It appears that foreign powers, including those with the most appalling human rights records, can demand that passports of their citizens can be confiscated by foreign powers. The question is why is the British government going along with this? Amazingly enough despite all the heated condemnatory language, the British government has done just that on behalf of the Assad regime.
Wailing moans of loss will continue to reverberate in the Syrian air as long as the elephants involved continue to promote their egos. It is unclear how to stop these, but one thing must be made clear; if concrete steps are not taken, eventually we will pay the price. Finally, the time has come to lend whatever assistance we can to alleviate the suffering of Syrians. Remember, they are humans, just like us.
We're reaching the end of 2015 with no end in sight over Syria. The carnage and agony continue. So do the detentions, the torture, the deaths in custody, the "disappearances" and state gangsterism. The Syrian government's barrel bombings also continue and the ever-widening internationalisation of the conflict appears to mean that any eventual resolution is harder still to envisage. But what, if anything, have we learnt about the Syria crisis during 2015? Here are a few thoughts...
Within the next week Members of Parliament will be voting on whether to launch air strikes against ISIS in Syria. With many Labour and Conservative MPs in support of extending air strikes into Syria, it is likely that the first bombing raids will take place towards the end of next week. But it has not been determined what the government wishes to achieve by bombing Syria.
There has been precious little to praise about the regime of Vladimir Putin in recent years. His actions in stoking civil war in Ukraine and annexing the Crimea region is criminal under international law, his crackdown on political opposition and dissenting voices has seen numerous state-sponsored and the oppression that can be experienced in Russia by ethnic and religious minorities, and the LGBT community, is shocking and criminally under-reported here in the west.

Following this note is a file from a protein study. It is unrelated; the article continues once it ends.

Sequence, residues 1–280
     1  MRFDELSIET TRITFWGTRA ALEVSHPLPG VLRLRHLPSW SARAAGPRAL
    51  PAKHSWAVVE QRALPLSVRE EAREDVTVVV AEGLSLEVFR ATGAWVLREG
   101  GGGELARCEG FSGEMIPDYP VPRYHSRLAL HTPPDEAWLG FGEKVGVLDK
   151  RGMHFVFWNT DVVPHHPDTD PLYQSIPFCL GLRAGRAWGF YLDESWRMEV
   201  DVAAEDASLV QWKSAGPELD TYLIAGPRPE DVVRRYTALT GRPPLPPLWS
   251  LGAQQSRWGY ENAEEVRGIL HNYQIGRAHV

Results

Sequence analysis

Bashar al-Assad is responsible for some of the most heinous war crimes of recent times, including the use of chemical weapons, the mass imprisonment and torture of political opponents, and the indiscriminate bombing of civilian areas causing massive casualties. Yet the unpalatable reality must surely be that, despite his grim record, he remains indispensable in the search for an end to the conflict.
There is a great Arabic proverb: 'farkh al-bat awwam'. In English, 'the son of a duck, floats', or, 'like father, like son'. In Syrian President Bashar al-Assad's case, Mr al-Assad doesn't so much float as sink like a stone... Fifteen years ago today, Bashar 'inherited' the rule of Syria from his father, who, to be clear, wasn't much of a floater himself. Fifteen years on, Bashar has practically destroyed the country.
After the rejection by the British Parliament of intervention against Assad, he has been given free rein to destroy Syria and its people, creating devastation, chaos and a power vacuum. Into that gap stepped Islamic State, Iran and the Shia militias which have committed brutal and widespread crimes of their own.